Therefore, it is not surprising that in Caritas in Veritate Benedict does not endorse any specific policies on economic matters. As he points out, “The Church does not have technical solutions to offer and does not claim `to interfere in any way in the politics of States’” (9, quoting from Paul VI, Encyclical Letter Populorum Progressio, 13; notes omitted). The pope is, after all, the shepherd of a global church, one that includes a wide diversity of cultures, ethnicities, sensibilities, practices, and levels of economic development. These nations also run the gamut in terms of their forms of government.
But regardless of our differences, we share the same nature, the imago dei. We have intrinsic dignity because we are made in God’s image. However, we are also fallen creatures, prone to the same delusion and arrogance that captured the imaginations of our first parents. This means we can paint the Sistine Chapel as well as pollute Lake Erie. We can find a cure for polio while building gulags and concentration camps. We can fly our magnificent aircrafts into our monuments of prosperity in order to deliver in the name of God the angel of death. For these reasons, Pope Benedict XVI offers us an encyclical whose name affirms the only solution to what afflicts this mystery called man, Charity in Truth.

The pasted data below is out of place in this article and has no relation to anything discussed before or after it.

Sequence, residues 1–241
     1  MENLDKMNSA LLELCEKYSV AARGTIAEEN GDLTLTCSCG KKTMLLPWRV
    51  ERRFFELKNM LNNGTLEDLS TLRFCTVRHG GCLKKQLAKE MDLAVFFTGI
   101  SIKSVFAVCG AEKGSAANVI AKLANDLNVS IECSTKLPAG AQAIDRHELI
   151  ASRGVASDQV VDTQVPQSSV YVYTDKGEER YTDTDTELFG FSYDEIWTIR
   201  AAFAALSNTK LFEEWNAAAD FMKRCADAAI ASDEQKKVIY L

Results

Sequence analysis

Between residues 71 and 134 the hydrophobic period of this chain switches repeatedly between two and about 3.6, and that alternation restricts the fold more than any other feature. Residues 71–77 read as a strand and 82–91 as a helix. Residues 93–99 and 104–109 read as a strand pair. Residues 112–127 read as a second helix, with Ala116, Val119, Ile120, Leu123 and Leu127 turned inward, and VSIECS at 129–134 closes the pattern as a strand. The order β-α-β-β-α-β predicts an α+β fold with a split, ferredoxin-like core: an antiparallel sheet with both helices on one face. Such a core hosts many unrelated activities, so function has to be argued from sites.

Francis J. Beckwith is professor of philosophy and church-state studies, and resident scholar in the Institute for the Studies of Religion at Baylor University. Former president of the Evangelical Theological Society, his most recent book isReturn to Rome: Confessions of an Evangelical Catholic(Brazos, 2009).
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Christianity Today has more articles on Catholicism, including:
Thinking Epistemologically about Obama and Notre Dame | Francis Beckwith explains why Notre Dame's invitation is so controversial, and what it says about higher education. (March 27, 2009)
Q&A: Francis Beckwith | Former ETS president speaks about what he takes from evangelicalism back to the Roman Catholic Church. (March 9, 2007)
The Promise of Benedict XVI | Evangelicals can be glad that the new pope is not likely to be a mere caretaker. (May 26, 2005)